We might, as the saying goes, be tough on the crimes, but the causes of the crimes are not always our business to regulate or punish.

    There is a strong case for saying that things should always be legally available for sale to the public under, but only under, certain conditions. It is debatable whether or not these conditions could prevail in the case of some particular drugs. Whether the possession and consumption of drugs should be criminal offences is another matter. For instance, to say that it should be a crime to sell cigarettes to a minor is not to say that it should be a crime for a minor to smoke or be in possession of a cigarette.

    Actions should be legally permitted unless there is a justification for prohibiting them and for punishing those who perform the actions. Prohibition and punishment often is justifiable. However, the point is that it requires to be justified or it stands condemned. The onus is always on the banners to justify the bans. When is prohibition and punishment justifiable? If we reject Mill’s harm principle, we have the problem of suggesting what to put in its place.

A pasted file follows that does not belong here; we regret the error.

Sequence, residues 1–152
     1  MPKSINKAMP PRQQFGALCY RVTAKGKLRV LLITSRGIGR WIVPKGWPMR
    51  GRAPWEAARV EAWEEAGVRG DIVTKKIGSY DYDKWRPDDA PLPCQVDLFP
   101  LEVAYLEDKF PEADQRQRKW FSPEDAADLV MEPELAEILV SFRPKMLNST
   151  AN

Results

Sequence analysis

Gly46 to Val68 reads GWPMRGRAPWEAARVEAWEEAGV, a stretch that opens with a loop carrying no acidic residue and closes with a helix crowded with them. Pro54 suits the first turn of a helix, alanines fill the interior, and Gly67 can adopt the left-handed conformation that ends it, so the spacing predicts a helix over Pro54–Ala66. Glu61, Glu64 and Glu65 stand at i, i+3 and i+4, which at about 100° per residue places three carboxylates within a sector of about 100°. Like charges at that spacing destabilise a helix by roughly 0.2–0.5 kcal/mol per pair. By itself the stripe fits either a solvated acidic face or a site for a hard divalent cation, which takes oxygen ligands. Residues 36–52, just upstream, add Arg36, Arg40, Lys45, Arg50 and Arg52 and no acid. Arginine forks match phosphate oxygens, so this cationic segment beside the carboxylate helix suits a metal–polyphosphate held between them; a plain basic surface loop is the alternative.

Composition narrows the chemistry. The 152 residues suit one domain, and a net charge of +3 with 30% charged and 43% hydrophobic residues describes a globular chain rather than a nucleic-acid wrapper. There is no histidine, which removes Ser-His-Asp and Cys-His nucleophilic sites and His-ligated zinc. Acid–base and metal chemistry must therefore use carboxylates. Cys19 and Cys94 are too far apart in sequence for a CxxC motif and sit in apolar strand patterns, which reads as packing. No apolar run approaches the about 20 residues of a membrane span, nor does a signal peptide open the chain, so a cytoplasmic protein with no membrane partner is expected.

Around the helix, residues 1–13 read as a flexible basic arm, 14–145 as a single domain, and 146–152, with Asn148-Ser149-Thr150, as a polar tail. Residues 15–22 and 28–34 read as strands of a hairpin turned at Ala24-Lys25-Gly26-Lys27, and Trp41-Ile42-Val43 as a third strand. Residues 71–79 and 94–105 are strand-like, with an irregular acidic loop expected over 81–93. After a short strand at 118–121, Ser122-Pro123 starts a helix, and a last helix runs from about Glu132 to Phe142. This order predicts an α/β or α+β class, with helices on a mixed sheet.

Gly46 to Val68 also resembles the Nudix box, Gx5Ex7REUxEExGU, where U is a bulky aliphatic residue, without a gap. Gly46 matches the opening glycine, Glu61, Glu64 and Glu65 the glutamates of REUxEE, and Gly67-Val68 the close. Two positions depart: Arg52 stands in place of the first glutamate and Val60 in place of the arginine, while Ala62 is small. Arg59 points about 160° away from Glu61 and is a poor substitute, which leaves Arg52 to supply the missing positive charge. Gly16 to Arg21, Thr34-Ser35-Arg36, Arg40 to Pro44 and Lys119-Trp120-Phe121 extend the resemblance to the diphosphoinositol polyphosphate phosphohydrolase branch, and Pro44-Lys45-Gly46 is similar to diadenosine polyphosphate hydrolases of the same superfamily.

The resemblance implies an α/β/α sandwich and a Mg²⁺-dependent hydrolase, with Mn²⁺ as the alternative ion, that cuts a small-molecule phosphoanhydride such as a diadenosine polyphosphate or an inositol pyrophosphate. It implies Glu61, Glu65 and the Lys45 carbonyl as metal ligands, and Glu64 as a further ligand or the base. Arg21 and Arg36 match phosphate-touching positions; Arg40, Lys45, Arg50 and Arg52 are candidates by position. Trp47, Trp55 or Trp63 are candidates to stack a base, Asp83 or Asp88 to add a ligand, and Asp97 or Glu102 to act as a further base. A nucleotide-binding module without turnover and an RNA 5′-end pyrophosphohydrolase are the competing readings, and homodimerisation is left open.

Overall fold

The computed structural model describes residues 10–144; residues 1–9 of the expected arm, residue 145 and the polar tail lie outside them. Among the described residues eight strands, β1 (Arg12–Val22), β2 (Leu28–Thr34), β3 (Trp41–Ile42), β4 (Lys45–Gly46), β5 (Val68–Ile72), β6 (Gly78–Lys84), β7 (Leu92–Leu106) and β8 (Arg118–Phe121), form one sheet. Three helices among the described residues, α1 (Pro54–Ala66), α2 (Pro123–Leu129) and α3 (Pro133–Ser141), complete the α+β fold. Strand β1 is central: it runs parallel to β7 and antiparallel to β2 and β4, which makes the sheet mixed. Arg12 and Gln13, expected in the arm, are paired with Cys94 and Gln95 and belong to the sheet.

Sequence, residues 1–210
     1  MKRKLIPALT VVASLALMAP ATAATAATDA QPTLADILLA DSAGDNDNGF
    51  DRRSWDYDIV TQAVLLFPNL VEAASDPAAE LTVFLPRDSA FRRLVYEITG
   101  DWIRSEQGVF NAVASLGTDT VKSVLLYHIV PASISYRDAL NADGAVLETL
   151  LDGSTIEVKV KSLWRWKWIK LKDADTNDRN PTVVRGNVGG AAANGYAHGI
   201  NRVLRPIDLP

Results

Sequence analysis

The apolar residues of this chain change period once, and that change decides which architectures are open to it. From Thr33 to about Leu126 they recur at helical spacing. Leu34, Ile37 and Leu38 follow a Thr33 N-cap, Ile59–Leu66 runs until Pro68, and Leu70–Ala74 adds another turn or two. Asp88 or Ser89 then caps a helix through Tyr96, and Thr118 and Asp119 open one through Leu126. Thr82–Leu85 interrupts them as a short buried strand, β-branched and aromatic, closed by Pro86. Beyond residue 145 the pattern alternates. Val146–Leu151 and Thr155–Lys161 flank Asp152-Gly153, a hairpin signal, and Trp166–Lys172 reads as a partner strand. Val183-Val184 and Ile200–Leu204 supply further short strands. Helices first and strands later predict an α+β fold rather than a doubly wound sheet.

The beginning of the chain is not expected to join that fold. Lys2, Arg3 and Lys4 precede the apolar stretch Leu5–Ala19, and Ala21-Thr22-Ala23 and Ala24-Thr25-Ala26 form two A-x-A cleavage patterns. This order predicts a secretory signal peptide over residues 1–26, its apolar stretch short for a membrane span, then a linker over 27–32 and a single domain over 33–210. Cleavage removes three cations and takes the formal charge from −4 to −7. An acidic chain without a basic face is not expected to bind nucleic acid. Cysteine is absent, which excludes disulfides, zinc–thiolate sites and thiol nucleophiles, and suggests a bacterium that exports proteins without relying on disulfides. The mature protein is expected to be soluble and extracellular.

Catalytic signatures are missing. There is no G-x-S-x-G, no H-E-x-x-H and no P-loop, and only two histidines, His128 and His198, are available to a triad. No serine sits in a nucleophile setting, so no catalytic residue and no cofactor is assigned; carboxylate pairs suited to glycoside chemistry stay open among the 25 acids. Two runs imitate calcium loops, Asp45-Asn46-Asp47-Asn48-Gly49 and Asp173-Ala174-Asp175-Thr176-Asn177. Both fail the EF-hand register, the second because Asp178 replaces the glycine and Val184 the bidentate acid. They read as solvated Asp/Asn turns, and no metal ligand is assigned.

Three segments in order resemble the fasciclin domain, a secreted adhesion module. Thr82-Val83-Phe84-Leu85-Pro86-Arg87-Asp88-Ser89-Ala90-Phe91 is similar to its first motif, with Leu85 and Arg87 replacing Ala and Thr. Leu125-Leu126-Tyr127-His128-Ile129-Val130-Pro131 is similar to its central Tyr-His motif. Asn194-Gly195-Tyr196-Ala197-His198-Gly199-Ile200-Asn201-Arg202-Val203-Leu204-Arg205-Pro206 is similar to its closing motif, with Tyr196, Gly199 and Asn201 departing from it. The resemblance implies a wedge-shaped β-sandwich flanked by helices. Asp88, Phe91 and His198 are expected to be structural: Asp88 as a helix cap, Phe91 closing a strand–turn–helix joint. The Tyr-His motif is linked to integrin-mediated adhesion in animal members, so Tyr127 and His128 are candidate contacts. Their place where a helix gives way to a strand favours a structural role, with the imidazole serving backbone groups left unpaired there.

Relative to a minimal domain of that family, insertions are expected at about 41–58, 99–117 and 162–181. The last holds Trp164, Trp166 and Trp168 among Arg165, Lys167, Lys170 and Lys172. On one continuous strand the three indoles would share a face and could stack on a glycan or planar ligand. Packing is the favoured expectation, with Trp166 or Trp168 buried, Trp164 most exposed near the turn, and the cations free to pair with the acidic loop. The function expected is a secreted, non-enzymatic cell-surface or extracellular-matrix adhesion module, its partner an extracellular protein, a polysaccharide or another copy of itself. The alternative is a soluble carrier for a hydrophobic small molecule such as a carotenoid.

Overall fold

Mill raises a very challenging issue. To punish people for taking drugs because drugs are harmful to the drug-takers is perverse. To punish people for taking drugs in order to deter other people from taking drugs is unfair and unjust. The only acceptable justification for punishment is that the people who are punished deserve the punishment. It is not easy to see how we can justify punishing people who have not harmed others in such a way that their rights are infringed. Why else would they deserve punishment? Why else would we be justified in meting it out?

    • Hugh V McLachlan is professor of applied philosophy at the School of Law and Social Sciences at Glasgow Caledonian University

Leave a Reply

Fill in your details below or click an icon to log in:

WordPress.com Logo

You are commenting using your WordPress.com account. Log Out / Change )

Twitter picture

You are commenting using your Twitter account. Log Out / Change )

Facebook photo

You are commenting using your Facebook account. Log Out / Change )

Google+ photo

You are commenting using your Google+ account. Log Out / Change )

Connecting to %s